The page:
“Dems fume as agenda hits brick wall in Senate that ‘sucks’” [Politico]. “Most Senate Democrats woke up Thursday in the dark about where their agenda stands, particularly after a Wednesday chairmen’s lunch was canceled. They are urgently seeking clarity on whether they will go home empty-handed on major party priorities.” • They slept late?
“‘This is b******t’: Manchin snaps after Dems blame him for killing Biden’s hopes of passing Build Back Better this year: Rebel Dem says he is victim of ‘bad rumor’ as Schumer punts president’s flagship $1.75T to next year” [Daily Mail]. “The West Virginia senator was objecting to reports he wants to defund or limit the expanded Child Tax Credit, which most Democrats want to keep in Biden’s signature legislation. Compounding matters, the state of West Virginia is one of the biggest benefitters of the Child Tax Credit, which was expanded earlier this year in a COVID relief package. An estimated 346,000 West Virginia children – 93 percent of all kids in the state – live in households that qualify for the tax credit, according to the West Virginia Center on Budget and Policy.” • Manchin opposes dental, too. And West Virginia has the worst teeth in the nation, good job Joe, that’ll keep ’em in their place.
Democrats en Deshabille
Lambert here: Obviously, the Democrat Party is a rotting corpse that can’t bury itself. Why is that? First, the Democrat Party is the political expression of the class power of PMC, their base (lucidly explained by Thomas Frank in Listen, Liberal!). ; if the Democrat Party did not exist, the PMC would have to invent it. . (“PMC” modulo “class expatriates,” of course.) Second, all the working parts of the Party reinforce each other. Leave aside characterizing the relationships between elements of the Party (ka-ching, but not entirely) those elements comprise a network — a Flex Net? An iron octagon? — of funders, vendors, apparatchiks, electeds, NGOs, and miscellaneous mercenaries, with assets in the press and the intelligence community. (Note that voters do not appear within this structure. That’s because, unlike say UK Labour or DSA, the Democrat Party is not a membership organization. Dull normals may “identify” with the Democrat Party, but they cannot join it, except as apparatchiks at whatever level.) Whatever, if anything, that is to replace the Democrat Party needs to demonstrate the operational capability to contend with all this. Sadly, I see nothing of the requisite scale and scope on the horizon, though I would love to be wrong. (If Sanders had leaped nimbly from the electoral train to the strike wave train after losing in 2020, instead of that weak charity sh*t he went with, things might be different today. I am not sure that was in him to do, and I’m not sure he had the staff to do it, although I believe such a pivot to a “war of movement” would have been very popular with his small donors. What a shame the app wasn’t two-way.) Ah well, nevertheless.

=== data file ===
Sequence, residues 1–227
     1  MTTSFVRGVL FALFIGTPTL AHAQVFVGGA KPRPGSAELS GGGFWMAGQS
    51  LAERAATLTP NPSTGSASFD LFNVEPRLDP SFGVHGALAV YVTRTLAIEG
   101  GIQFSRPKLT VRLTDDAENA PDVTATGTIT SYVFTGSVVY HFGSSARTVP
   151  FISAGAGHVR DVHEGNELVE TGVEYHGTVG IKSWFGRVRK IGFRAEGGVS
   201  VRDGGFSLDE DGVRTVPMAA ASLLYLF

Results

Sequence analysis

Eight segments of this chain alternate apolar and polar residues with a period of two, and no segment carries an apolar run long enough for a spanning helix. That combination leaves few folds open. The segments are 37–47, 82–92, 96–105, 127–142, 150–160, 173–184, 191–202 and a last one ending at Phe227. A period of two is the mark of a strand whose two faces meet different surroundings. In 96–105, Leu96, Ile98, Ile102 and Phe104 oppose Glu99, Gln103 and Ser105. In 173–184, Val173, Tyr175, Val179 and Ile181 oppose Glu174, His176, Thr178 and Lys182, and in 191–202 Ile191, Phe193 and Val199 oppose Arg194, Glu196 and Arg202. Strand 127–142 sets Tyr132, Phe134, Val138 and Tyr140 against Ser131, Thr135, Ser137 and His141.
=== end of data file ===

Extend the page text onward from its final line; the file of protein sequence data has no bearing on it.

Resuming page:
For an example of the class power that the PMC can wield, look no further than RussiaGate. All the working parts of the Democrat Party fired on all cylinders to cripple an elected President; it was very effective, and went on for years. Now imagine that the same Party had worked, during Covid, to create an alternative narrative — see Ferguson et al., supra, to see what such a narrative might have looked like, and with the unions (especially teachers) involved. At the very least, the Biden Administration would have had a plan, and the ground prepared for it. At the best, a “parallel government” (Gene Sharp #198) would have emerged, ready to take power in 2020. Instead, all we got was [genuflects] Tony Fauci. And Cuomo and Newsom butchering their respective Blue States, of course. The difference? With RussiaGate, Democrats were preventing governance. In my alternative scenario, they would have been preparing for it.
And while we’re at it: Think of the left’s programs, and lay them against the PMC’s interests. (1) Free College, even community college. Could devalue PMC credentials. Na ga happen. (2) MedicareForAll. Ends jobs guarantee for means-testing gatekeepers in government, profit-through-denial-of-care gatekeepers in the health insurance business, not to mention opposition from some medical guilds. Na ga happen. (3) Ending the empire (and reining in the national security state). The lights would go out all over Fairfax and Loudon counties. Na ga happen. These are all excellent policy goals. But let’s be clear that it’s not only billionaires who oppose them.
Showing the PMC’s inability to govern, as a class they seem unable to expand their scope of operations into new fields. Consider the possibilities of the “Swiss Cheese Model.” Layered defenses include extensive testing, contact tracing, ventilation systems (not merely blue collar HVAC work, but design and evaluation), and quarantines. If we look at each layer as a jobs guarantee for credentialed professionals and managers, like ObamaCare, the opportunities are tremendous (and that’s before we get to all the training and consulting). And yet the PMC hasn’t advocated for this model at all. Instead, we get authoritarian followership (Fauci) and a totalizing and tribalizing faith in an extremely risky vax-only solution. Why? It’s almost as if they’re “acting against their own self-interest,” and I don’t pretend to understand it.